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Bridgeport Servo Retrofit (Picture Heavy)

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  • Bridgeport Servo Retrofit (Picture Heavy)

    In the thread here I posted some research and calculations I did for retrofitting a Bridgeport J-Head with a 1.5 KW (~2 HP) Mitsubishi AC brushless servo drive:

    Poly-V drive calculations for Bridgeport drive pulley

    Most AC brushless servos have a Metric mounting pattern, with a square face and a round inset. Since I needed to mill mounting tabs into the plate, this all had to be done with the rotab -- fun exercise. I finally got some time in the shop this afternoon and was able to finish-up the servo plate, and thought you guys might be interested in a pictorial build log:



    I started with a 3/4" piece of 6061, and band-sawed it to approximately 10.3" (the OD of the Bridgeport motor plate is 10.25"). I scribed the approximate center of the sawn plate, and drilled a 1" hole (the servo has a 24 mm shaft). So how do you mount a 10" round plate on an 8" rotab with only a single hole? My solution was to take a cheap Chinese MT-3 threaded arbor, saw off the tang, clean it up on the lathe, and then drill and tap the arbor for a 3/8-24 drawbar. Then you put the oversized plate on the rotab, drop the MT3 adapter through, and draw it in with a 3/8" bolt from under the rotab. The MT3 taper centers the plate as you tighten the drawbar:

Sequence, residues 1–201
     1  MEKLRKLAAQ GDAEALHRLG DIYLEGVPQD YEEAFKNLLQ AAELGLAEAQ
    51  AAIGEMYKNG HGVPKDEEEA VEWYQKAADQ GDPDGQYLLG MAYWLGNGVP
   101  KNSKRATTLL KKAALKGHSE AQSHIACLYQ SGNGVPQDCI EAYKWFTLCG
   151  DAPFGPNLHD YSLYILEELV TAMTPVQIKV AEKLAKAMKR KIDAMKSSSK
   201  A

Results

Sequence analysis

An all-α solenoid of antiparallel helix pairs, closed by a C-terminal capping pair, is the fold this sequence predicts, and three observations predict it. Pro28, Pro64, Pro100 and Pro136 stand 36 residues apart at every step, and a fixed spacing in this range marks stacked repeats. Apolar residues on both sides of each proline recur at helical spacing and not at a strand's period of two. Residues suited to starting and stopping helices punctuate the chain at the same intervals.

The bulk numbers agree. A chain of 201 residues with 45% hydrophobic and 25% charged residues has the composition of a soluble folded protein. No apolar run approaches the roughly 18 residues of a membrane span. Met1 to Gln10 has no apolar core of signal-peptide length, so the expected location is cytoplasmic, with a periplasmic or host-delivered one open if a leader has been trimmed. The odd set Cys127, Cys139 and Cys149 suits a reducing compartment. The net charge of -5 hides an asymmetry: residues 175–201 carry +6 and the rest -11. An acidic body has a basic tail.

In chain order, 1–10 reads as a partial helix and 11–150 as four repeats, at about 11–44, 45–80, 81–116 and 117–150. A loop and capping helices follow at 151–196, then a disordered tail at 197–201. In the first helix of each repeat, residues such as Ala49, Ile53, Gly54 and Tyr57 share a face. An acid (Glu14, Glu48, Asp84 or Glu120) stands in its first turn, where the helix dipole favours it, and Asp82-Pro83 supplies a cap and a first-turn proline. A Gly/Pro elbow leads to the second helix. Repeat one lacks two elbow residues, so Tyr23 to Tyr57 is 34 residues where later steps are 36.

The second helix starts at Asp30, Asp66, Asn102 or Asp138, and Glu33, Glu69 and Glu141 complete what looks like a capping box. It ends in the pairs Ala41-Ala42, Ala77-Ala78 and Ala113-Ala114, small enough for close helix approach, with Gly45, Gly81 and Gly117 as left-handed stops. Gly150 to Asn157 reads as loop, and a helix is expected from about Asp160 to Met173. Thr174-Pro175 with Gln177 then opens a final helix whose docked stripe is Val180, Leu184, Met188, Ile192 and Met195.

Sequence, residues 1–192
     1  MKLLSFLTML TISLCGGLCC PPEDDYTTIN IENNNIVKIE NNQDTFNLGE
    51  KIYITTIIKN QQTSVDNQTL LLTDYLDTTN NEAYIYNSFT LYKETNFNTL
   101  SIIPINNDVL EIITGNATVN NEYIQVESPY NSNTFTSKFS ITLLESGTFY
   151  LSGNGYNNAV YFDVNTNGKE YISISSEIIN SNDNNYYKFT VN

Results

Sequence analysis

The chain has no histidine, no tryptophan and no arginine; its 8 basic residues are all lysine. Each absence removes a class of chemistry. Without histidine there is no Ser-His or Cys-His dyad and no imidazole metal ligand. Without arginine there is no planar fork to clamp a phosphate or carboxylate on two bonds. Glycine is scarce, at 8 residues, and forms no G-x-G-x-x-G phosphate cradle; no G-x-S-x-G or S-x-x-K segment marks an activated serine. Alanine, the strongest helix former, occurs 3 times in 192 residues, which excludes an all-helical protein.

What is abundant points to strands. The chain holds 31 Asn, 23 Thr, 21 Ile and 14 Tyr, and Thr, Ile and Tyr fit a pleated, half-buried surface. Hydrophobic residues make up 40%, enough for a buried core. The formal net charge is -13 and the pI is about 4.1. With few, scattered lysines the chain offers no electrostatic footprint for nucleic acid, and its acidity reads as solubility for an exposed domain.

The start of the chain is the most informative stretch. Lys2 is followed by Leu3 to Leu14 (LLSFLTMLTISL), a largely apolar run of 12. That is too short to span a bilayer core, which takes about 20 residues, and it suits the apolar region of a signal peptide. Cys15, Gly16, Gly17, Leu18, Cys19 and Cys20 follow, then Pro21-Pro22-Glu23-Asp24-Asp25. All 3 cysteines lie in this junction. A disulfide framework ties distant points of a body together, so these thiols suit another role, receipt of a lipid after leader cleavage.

"Twenty years from now you will be more disappointed by the things that you didn't do than by the ones you did."

  • #2
    With the plate centered, the next step was the mill the circular depression. These are all action shots by the way (tool spinning). I just grab my Wife's camera and snap as I go -- she complains about me getting cutting oil on the camera...



    After I milled the circular pocket and the square motor mounting face, I dropped the 8 mm mounting holes. Then I needed to clean-up underneath the MT3 arbor mount. So I made some goofy 1/2-13 to 8 mm threaded studs, and mounted the plate through the motor mount holes. This meant that I needed to re-center the plate.

    So out comes the Blake Co-Axial indicator, first to center the hole in the rotab, and then again to center the hole in the servo plate on the rotab. The next several steps were going to require a lot of tool changes, and swapping the Blake in and out, so I switched to an R8->ER-40 collet chuck:



    We were discussing how much the ER chucks overhang, you can see that here, where I'm cleaning up the flash that was under the MT3 arbor:



    One of the really nice things about these ER speed collets is that you can have multiple collet nuts on deck, so swapping tools is really fast. These are two other ER-40 collet nuts with the collets installed, in addition to the one on the spindle:

    Last edited by lazlo; 11-16-2008, 10:16 PM.
    "Twenty years from now you will be more disappointed by the things that you didn't do than by the ones you did."